Cleveland’s offense has struggled through the first two games of the playoffs. Can the four-time MVP consistently bail them out? Spencer Davies writes.

Spencer Davies



After a less-than-encouraging series opener versus the Indiana Pacers, LeBron James responded emphatically and led the Cleveland Cavaliers to a bounce back 100-97 victory to even things up at one game apiece.

Scoring the first 13 points of the game itself, The King was a one-man wrecking crew out of the gate and carried that momentum throughout all four quarters of Game 2. His 46 points were James’ second-highest scoring mark between the regular season and the playoffs. In addition, he shot above 70 percent from the field for the sixth time this year.

The four-time MVP pulled down 12 rebounds total, and but all but one of those boards were defensive—the most he’s had since Saint Patrick’s Day in Chicago a month ago.

What James did was another classic instance where LeBron reminds us that through all the injuries, drama, and on-court issues, whatever team he’s on always has a chance to go all the way. But having said all of that—can the Cavaliers realistically depend on that kind of spectacular effort for the rest of the postseason? It’s a fair question.

Kevin Love is a solid secondary go-to guy, but he’s struggled to find his rhythm in the first two games. He’s done a solid job defensively between both, but he’s getting banged up and is dealing with knocked knees and a reported torn thumb ligament in the same hand he broke earlier in the season.

Love has admitted that he’d like more post touches instead of strictly hanging out on the perimeter, but it’s on him to demand the ball more and he knows it. But finding that flow can be challenging when James has it going and is in all-out attack mode.

Kyle Korver came to the rescue for Cleveland as the only shooter that consistently converted on open looks. Outside of those three, and maybe J.R. Smith, really, there hasn’t been a tangible threat that’s a part of the offense during this series.

We all pondered whether or not the “new guys” would be able to step up when their respective numbers were called. So far, that hasn’t been the case for the most part.

Jordan Clarkson looks rushed with tunnel vision. Rodney Hood has had good body language out there, but seems reluctant to shoot off dribble hand-offs and is second-guessing what he wants to do. The hustle and effort from Larry Nance Jr. is obvious, but he’s also a good bet to get into foul trouble. Plus, he’s had some struggles on an island against Pacer guards.

As for George Hill, the good news is the impact on the floor just based on his mere presence on both ends (game-high +16 on Wednesday), but he hasn’t really done any scoring and fouled out of Game 2.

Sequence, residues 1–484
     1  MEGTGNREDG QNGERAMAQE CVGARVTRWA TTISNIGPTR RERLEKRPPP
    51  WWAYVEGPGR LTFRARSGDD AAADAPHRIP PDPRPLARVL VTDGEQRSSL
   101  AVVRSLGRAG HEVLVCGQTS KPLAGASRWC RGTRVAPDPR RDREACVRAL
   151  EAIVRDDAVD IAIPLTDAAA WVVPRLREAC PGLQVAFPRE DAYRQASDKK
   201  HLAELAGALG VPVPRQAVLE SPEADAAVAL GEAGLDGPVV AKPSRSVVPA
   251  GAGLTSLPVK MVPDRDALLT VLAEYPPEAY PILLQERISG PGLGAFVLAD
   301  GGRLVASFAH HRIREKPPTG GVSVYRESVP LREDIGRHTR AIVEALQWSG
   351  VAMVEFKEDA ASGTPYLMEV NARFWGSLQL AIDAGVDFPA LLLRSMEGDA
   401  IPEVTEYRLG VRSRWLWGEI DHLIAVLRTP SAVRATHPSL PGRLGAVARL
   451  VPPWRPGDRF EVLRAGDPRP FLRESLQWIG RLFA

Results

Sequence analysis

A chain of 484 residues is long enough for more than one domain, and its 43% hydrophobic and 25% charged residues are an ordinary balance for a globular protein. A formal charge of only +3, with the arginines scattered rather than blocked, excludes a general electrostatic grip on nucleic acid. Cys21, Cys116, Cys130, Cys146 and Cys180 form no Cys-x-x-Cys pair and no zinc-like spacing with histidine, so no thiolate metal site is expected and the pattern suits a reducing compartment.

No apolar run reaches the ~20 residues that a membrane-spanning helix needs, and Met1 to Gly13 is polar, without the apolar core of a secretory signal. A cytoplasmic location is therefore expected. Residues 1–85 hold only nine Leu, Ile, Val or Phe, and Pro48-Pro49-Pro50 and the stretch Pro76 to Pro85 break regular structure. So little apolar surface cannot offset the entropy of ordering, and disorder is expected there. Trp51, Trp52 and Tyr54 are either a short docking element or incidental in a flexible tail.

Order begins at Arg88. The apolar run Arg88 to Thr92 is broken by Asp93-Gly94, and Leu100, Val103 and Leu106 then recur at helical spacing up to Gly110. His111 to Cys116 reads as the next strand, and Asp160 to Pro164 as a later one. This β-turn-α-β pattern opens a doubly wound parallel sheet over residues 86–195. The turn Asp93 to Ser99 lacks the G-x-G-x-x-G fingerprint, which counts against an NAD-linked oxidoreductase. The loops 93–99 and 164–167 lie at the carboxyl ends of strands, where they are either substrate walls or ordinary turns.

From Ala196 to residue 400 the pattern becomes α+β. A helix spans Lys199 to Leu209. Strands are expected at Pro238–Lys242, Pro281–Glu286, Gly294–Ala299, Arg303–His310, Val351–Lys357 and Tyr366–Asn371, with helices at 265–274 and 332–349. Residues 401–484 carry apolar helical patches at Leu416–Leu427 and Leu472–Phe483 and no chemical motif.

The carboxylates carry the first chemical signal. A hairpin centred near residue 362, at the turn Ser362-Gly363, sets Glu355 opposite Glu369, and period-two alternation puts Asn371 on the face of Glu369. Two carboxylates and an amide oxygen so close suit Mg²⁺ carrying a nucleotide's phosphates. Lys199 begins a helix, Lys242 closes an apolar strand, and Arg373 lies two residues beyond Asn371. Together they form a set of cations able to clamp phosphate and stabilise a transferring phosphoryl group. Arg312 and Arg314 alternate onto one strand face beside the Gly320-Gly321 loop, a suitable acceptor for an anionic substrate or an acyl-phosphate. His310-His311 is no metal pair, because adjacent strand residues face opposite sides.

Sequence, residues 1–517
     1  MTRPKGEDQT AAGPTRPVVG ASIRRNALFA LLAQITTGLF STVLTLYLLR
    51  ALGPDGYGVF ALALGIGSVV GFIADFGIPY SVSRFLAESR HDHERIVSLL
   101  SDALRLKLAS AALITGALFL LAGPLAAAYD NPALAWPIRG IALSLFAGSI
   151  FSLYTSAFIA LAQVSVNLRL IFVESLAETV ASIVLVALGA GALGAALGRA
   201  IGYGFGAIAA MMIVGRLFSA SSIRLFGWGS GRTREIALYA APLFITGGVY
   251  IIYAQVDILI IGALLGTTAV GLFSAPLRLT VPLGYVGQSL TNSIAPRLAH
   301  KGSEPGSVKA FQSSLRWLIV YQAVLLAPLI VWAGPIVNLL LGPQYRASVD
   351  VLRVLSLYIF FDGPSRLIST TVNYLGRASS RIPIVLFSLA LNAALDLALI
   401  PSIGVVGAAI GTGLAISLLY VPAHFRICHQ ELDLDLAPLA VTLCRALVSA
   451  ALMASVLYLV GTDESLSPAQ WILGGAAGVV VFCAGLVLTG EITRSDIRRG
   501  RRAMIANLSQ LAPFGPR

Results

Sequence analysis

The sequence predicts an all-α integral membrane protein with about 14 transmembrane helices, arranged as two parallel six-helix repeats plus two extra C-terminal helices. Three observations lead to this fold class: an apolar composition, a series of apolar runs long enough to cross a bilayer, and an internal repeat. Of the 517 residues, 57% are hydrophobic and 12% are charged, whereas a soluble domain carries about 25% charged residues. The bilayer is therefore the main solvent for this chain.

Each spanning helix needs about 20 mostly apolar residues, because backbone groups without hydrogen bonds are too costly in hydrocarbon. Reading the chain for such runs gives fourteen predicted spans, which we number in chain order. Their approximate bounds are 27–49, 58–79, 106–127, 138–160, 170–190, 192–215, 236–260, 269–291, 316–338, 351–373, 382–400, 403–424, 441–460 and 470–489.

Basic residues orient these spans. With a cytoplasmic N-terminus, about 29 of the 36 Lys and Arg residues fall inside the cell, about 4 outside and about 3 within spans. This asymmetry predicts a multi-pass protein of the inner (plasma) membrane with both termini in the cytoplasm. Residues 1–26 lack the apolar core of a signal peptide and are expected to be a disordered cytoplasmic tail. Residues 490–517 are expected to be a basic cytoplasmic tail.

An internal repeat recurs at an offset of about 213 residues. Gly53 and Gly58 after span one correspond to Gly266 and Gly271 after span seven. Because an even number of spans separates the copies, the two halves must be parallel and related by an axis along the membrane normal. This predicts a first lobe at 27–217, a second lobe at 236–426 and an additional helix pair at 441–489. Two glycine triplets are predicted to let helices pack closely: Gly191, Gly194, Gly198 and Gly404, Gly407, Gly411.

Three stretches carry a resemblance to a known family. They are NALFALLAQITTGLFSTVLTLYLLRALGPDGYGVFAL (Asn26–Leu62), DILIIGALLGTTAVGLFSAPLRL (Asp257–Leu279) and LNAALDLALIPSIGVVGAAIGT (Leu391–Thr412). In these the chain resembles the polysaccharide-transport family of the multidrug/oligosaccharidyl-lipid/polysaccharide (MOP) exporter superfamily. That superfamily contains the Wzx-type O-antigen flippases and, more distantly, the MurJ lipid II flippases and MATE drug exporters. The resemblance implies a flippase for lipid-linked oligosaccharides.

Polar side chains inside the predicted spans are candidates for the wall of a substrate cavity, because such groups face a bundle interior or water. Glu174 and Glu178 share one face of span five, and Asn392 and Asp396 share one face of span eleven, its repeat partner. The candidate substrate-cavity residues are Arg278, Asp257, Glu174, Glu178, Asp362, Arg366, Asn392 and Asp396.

Maybe these things change on the road, who knows. But those four, the rest of the rotation, absolutely have to step up in order for the Cavaliers to win this series and fend off this hungry Indiana group, which brings us to another point.

Let’s not forget, the offensive issues aren’t simply because of themselves. After all, the Cavs were a team that had little trouble scoring the basketball in the regular season, so give a ton of credit to the Pacers’ scheme and McMillan’s teachings to play hard-nosed.

Unlike many teams in the league, the strategy for them is to pressure the ball and avoid switches as much as possible on screens. The more they go over the pick and stick on their assignments, the better chance they have of forcing a bad shot or a turnover. That’s what happened in Game 1 and in the majority of the second half of Game 2.

Cleveland has also somewhat surprisingly brought the fight on defense as well. In the first two contests of the series, they’ve allowed under 100 points. Lue’s said multiple times that they’re willing to give up the interior buckets in order to secure the outside, and it’s worked. It doesn’t seem smart when there’s a yellow-colored layup line going on at times, but it certainly paid off by only allowing 34 percent of Indiana’s threes to go down.

Still, looking ahead to what the Cavaliers can do in the playoffs as a whole, it doesn’t bode well. They’re not only locked in a tug-of-war with Indiana, but if they get past them, they could have a Toronto Raptors group chomping at the bit for revenge.

If they’re having this much trouble in the first round, what should make us believe they can barrel through the Eastern Conference as they’ve done in the past?

It’s not quite as obvious or as bad as Cleveland’s 2007 version of James and the rest, but it feels eerily similar for as much as he’s put the team on his back so far. The organization better hope improvement comes fast from his supporting cast, or else it could be a longer summer than they’d hoped for.